A Year in the Making: 5 Lessons I've Learned from Running a Small Business

A Year in the Making: 5 Lessons I've Learned from Running a Small Business

It's been almost a year since I quit my full-time job and began focusing on my small art business. Whether you're just starting out or you're just burning out, I hope these 5 lessons will help motivate you today!

1. Know your numbers.

As Dave Ramsey says: “If you don’t know your numbers, you don’t know your business.” I keep track of my business transactions in an Annual Budget spreadsheet (Google Sheets provides a simple template). Just being able to see my expenses throughout the year gives me peace of mind about where my hard-earned money is going, and whether or not it's yielding my desired results. For example, I noticed that I was spending way more on stickers than I wanted to because I was outsourcing them to StickerMule rather than using my Cricut machine. While I love StickerMule’s quality and service, their minimum order quantity is 10, meaning more spending on products that I’m not even sure will sell well. In contrast, using my Cricut at home, I can print whatever quantity I want with a similar quality. This change saves me 90% on monthly costs! If I hadn’t laid out all of my StickerMule costs in front of me, I probably would’ve continued wasting money unnecessarily and ended up with a lot of unsold stickers.


2. Find a sustainable why.

For those of you who may not know, I used to be a full-time music teacher. I had steady income, a supportive principal, and I was actually using my college degree. However, I felt burnt out every single day. Why? Because I was mostly in it for the wrong reasons. So many people told me teaching was such a noble profession, making me a noble person…right? But even the sweetest praise from students and parents was not enough to keep me going. In addition, I was afraid that changing professions meant I had wasted my time and money at UCLA. And yet, I felt a sense of dread when I imagined myself fully credentialed, still teaching in 10 years. Fast forward to today: I am much happier and healthier, and my work hasn’t felt like work one bit. Even difficult situations like messing up an important wholesale order or navigating the complex world of shipping have not discouraged me enough to quit and have instead inspired me to continue learning! I believe this drastic change in my work ethic can be accredited to my sense of purpose in what I do. Sure, designing stickers and making cute clay earrings may not solve world hunger, but they do bring me and my customers joy – which is a huge step forward from how I felt when I was teaching. Having a clear reason why you do what you do, as simple as it may be, promotes long-term dedication and sustainable growth.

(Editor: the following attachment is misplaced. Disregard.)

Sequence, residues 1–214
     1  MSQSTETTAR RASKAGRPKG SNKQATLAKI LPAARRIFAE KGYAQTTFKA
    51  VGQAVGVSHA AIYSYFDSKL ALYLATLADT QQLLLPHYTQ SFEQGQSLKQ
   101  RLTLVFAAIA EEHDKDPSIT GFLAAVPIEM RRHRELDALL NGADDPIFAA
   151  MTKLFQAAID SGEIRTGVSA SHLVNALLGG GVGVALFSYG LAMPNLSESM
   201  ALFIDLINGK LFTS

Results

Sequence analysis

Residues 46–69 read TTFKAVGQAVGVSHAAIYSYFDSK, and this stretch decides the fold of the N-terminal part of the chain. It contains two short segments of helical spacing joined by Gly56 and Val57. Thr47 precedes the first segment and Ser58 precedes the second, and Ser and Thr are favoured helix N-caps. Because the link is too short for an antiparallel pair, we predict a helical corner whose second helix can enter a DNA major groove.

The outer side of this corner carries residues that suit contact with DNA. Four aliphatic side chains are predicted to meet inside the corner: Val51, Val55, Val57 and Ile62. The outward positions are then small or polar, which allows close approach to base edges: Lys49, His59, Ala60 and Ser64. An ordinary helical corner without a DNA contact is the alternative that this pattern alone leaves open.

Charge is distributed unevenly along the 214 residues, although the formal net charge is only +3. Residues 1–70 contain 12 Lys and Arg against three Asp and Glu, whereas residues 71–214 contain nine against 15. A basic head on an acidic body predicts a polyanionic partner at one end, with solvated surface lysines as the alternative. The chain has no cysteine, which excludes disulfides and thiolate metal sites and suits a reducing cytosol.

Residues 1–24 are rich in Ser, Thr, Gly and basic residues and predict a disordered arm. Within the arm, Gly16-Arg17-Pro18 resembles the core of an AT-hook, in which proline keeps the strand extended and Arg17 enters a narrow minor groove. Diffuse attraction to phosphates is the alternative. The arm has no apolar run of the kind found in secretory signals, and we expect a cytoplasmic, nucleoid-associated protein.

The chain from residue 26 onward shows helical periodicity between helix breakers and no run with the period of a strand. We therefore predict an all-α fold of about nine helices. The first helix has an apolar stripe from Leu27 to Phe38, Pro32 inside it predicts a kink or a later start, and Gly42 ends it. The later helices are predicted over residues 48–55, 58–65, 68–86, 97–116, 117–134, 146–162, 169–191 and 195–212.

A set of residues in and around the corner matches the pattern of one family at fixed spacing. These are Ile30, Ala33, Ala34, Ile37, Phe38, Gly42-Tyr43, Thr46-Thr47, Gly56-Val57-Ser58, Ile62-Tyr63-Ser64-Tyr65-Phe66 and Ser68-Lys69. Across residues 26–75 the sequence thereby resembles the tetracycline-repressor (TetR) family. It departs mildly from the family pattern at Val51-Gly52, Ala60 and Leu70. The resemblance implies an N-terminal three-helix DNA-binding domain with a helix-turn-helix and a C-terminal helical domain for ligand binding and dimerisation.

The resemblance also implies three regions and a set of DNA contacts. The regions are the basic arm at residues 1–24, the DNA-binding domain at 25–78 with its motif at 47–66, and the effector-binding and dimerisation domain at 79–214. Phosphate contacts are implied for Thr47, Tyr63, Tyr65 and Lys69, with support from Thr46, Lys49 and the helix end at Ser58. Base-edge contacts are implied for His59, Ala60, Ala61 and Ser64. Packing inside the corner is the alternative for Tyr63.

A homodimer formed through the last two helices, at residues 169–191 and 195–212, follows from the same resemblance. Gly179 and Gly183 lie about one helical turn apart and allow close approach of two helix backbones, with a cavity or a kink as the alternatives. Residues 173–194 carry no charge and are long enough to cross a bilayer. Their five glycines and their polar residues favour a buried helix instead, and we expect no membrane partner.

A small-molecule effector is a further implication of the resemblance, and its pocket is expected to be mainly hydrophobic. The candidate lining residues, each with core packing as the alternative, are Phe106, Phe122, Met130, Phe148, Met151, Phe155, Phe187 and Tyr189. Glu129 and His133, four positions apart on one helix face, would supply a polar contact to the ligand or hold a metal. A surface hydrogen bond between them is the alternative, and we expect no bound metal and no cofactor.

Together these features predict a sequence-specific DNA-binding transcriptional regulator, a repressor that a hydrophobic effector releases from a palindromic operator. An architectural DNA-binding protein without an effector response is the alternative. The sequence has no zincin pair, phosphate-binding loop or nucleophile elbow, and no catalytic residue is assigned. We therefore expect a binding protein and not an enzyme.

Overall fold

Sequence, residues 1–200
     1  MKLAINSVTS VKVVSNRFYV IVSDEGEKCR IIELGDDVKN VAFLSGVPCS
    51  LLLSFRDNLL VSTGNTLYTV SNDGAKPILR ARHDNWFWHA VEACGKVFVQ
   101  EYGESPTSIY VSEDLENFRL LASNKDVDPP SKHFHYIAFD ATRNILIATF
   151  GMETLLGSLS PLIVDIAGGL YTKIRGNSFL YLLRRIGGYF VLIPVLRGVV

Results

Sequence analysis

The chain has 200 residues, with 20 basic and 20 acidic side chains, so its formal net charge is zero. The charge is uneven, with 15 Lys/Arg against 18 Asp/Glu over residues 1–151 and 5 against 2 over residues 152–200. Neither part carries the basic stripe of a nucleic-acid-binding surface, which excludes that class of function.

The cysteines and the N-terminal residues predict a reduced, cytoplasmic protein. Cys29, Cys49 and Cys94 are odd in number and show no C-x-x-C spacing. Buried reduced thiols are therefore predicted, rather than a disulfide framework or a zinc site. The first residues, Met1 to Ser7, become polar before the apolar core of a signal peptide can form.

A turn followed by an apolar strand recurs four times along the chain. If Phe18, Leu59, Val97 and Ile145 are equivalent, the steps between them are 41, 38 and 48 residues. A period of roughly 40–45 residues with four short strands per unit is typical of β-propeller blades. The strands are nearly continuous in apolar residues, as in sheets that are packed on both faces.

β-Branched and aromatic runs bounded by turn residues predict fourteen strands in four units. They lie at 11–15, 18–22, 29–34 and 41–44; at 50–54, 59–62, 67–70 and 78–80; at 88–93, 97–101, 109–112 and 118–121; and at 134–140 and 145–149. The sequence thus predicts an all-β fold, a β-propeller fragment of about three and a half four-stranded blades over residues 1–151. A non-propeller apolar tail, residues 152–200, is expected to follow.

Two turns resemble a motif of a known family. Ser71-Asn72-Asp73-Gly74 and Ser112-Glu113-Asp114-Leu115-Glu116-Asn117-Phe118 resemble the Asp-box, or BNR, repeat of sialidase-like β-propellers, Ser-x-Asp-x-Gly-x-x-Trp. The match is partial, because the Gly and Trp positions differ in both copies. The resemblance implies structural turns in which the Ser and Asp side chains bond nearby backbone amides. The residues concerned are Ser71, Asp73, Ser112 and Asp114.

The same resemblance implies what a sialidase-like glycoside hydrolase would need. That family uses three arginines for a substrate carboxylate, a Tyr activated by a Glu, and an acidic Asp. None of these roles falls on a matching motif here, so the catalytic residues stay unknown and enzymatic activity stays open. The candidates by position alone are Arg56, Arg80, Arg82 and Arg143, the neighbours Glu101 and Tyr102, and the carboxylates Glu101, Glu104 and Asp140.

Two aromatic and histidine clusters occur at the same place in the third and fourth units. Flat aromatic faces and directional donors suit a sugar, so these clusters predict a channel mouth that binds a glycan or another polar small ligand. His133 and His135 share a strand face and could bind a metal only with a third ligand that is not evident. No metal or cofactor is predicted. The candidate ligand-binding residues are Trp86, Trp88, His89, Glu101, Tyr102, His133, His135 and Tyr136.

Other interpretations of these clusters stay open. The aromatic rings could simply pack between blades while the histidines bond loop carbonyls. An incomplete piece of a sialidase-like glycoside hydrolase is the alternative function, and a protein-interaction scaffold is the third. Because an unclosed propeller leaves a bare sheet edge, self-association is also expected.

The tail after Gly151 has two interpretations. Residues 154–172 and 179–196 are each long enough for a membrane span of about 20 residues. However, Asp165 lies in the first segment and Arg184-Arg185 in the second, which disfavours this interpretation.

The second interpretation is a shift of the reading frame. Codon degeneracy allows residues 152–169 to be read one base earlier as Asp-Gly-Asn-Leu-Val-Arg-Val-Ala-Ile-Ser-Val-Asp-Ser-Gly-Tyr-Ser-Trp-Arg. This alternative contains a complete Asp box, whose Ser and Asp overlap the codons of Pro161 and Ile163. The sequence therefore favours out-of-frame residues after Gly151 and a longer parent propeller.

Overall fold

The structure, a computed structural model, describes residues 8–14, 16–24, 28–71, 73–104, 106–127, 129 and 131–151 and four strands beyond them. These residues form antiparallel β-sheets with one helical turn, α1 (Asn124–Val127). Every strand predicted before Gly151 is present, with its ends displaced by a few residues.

3. Set boundaries to protect both your work life and personal life.

At the start of 2022, I attended a market almost every weekend because I wanted to make as much money as possible. This took away time from my family and friends, making it increasingly difficult to see the good in what I was doing. Motivated by anxiety with a dwindling support system, I actually lost money in those first few months. Now, I aim for 1 market a month so that most weekends are still open for time with my family and friends. This not only helps me maintain a healthy social life, but also gives me more time to build my brand and develop new products rather than constantly worrying about the next big event.

4. Set consistent goals.

I used to release new products at random times, basically whenever I found inspiration. While I believe in letting natural creativity motivate you more often than deadlines and income, I have found that setting a goal of releasing shop updates once a month has actually brought me more stability, a crucial part of maintaining my mental health, without diminishing the creative side of my work. I now look forward to sitting down regularly to paint new things and brainstorm new products. I can also walk away from each month with a real sense of accomplishment.

    5. Product placement is everything!


    Whether you have an online presence or a brick and mortar location, the place and time in which you display products can make all the difference. On Instagram, posting one photo of your new product is simply not going to reach enough people! People aren’t always ready to buy right away, so try sending out gentle reminders via your story, reels, or a new post at a later date. At pop-up markets, consider the following: does my booth look so crowded that people feel too overwhelmed to view everything? Or, does my booth look so empty that people assume they’ve seen everything with a quick glance? I’ll share more of my thoughts on pop-up market display tactics in a reel soon!

      I have so much more to share, but I want to know what you would like to hear! Ask your burning questions in the comments, and I'll answer them in Part 2 of this post.

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      1 comment

      hi! love to hear you story! id like to know about the period before you quit you job, how long did it take to make that desicion and in which point you felt confortable of doing that. im on that boat right now haha
      <3 kisses!


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